Manyatta huts, Uganda’s emerald among corals

Over the years, change has impacted enormous economic developments. Uganda has joined the league of the fastest growing economies of the world, but this change has robbed us of the pleasantries synonymous with living in the Africa of yesteryears. The Africa where people used to wake up to the sight of inquisitive wildlife at their doorsteps, the Africa where beautiful traditional cultures flourished is not anymore.

Today, most corners of the country have binned positive African values and cultures for western junk. One such gem is the authentic African infrastructure which has been replaced by structures built using mostly ‘eco-enemy’ materials. That withstanding, there are communities that have defied all odds and preserved such infrastructure. If you are looking for something to this effect, one such place to visit is Kabong, one of the Districts neighboring Kidepo Valley National Park from the East.

For almost every kilometer turn in the sparsely populated district which is home to the Karimojong, Kabong is dotted with exquisite manyattas (a dwelling heritage carried down from their forefathers) that makes you feel like you are back to long lost Africa.
Circled by double walls of thorns that are head high and about a meter thick, these traditional huts also known as ‘ere’ are home to the Karimojong, a welcoming warrior nomadic tribe. A manyatta is incredibly beautiful. It bears the semblance of a village albeit smaller and may house a family and its extended members.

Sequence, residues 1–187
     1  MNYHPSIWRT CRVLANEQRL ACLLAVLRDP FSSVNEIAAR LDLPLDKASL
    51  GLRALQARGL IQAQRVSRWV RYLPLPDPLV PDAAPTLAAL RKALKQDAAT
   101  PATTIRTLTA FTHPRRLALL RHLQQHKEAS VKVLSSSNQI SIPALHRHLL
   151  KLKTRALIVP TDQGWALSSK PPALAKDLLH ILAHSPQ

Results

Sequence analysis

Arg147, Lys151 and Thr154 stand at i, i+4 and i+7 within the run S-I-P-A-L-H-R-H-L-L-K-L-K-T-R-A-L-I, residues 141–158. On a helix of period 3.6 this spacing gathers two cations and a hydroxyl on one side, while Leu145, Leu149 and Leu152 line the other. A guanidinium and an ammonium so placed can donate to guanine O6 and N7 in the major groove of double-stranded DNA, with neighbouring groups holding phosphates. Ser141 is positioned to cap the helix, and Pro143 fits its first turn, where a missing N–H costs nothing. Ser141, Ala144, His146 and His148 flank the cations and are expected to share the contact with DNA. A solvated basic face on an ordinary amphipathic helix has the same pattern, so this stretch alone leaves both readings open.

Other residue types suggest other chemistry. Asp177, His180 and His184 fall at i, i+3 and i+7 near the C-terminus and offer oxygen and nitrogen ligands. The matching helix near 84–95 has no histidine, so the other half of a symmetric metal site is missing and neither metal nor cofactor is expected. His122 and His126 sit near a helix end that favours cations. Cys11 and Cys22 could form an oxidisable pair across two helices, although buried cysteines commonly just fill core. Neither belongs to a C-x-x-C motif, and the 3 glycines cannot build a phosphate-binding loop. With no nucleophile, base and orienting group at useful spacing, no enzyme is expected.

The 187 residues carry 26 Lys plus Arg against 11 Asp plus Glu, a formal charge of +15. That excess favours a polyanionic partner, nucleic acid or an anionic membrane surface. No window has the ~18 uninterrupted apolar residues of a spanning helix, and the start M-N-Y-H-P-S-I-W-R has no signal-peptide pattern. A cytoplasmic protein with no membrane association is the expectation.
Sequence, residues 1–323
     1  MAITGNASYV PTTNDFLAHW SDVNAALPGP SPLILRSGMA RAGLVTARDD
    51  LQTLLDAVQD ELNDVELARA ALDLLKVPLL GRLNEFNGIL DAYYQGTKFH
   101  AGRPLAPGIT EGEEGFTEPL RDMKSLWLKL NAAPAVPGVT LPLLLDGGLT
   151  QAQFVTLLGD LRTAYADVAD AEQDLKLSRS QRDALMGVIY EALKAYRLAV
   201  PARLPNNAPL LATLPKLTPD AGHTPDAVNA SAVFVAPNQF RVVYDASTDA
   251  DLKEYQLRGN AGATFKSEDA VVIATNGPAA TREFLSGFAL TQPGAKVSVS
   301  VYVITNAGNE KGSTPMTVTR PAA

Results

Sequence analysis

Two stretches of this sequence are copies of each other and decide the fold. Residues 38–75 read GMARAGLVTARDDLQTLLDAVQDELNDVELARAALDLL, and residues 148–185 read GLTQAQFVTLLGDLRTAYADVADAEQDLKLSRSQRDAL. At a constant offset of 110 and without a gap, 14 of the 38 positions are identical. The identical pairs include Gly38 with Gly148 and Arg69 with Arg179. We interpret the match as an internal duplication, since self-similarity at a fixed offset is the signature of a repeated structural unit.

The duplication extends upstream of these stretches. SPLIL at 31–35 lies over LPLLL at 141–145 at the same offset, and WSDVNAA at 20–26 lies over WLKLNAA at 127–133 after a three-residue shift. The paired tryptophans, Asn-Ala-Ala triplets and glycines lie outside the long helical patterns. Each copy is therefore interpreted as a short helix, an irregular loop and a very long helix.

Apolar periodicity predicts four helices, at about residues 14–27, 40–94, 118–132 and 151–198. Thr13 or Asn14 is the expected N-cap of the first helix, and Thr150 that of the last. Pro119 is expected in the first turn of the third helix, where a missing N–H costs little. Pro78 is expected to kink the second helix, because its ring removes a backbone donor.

Within a manyatta are thick mud homes that stay cool in the year-round heat. Not a scrap of metal or concrete is used in constructing a manyatta, which is an anomaly in a world that’s now characterized by wall-to-wall concrete. At the heart of the manyatta is a large kraal where the cattle are kept.

They are fashioned every 5-10 years as the Karimojong make large migrations across the scrublands and plains. Warriors and men move more often with their herds casually looking for greener pastures and water. However, sometimes a family may move because of an outbreak of disaster. In the neighborhoods of the manyatta, one can also find kitchen gardens.

Source credit: Karimoja, the land of Nomadic warriors by David Pluth and James Bowyer.

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